United People's Party (Zimbabwe)

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The United People's Party (UPP) was a political party in Zimbabwe. It was formed in 2006 by the former ZANU-PF provincial chairman of Masvingo and ZANU-PF member of the Central Committee, Dr. Daniel Shumba.[1] Party candidates ran for the first time in the by-elections of Chiredzi South and Zaka East in February and March 2007, respectively. In the 2008 parliamentary election, the party put forward seventy-nine candidates for the House of Assembly and twenty-seven for the Senate in eight of Zimbabwe's ten provinces.

Dr Daniel Shumba (who self funded the Party), and was its initial party leader, was denied a chance to run in the 2008 Zimbabwean presidential election for allegedly arriving late to the nomination court. He later won his court application, but the judgement was issued well after the run-off elections. Other political parties feared that had the UPP got funding, it would have redefined Zimbabwe's political landscape. The UPP like the MDC was denied access to the media.[2]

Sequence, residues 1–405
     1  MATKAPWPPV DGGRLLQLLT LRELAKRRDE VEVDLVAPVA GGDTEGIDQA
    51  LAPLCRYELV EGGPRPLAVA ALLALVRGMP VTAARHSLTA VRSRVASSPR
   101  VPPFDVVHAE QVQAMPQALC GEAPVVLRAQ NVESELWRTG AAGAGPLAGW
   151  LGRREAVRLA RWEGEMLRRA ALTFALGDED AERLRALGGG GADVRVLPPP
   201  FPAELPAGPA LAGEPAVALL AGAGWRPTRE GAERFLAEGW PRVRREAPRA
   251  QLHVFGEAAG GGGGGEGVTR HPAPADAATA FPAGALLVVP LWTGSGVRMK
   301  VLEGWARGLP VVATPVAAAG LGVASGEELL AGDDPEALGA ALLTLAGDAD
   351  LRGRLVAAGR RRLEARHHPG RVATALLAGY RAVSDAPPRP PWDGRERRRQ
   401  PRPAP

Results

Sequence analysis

Although the UPP supported a true government of national unity (GNU), the power-sharing after the 2008 elections did not include them.[3] In October 2009, Dr Shumba resigned from politics to continue his role as a business leader in Zimbabwe. "Our revolution is not just about politics, but about economic empowerment also", said Dr Shumba. The ZANU-PF government suspended his TeleAccess telecommunication licence as punishment for Dr Daniel Shumba's democratic agenda, while he was Chairman in ZANU-PF's Masvingo province. The matter is before the courts.

References[edit]

  1. ^ Saburi, Hama (21 June 2006). "Zimbabwe: Shumba Breaks Silence On Tsholotsho". The Financial Gazette (rereported via AllAfrica.com). Archived from the original on 22 June 2006. 
  2. ^ Ngachoko, Benjamin (5 May 2010). "Media Restrictions in Zimbabwe: The Path to Free and Fair Access". International Institute for Justice and Development. Archived from the original on 24 April 2014. 
  3. ^ "GNU: Only Way Out". Financial Gazette. 17 April 2009. Archived from the original on 24 April 2014.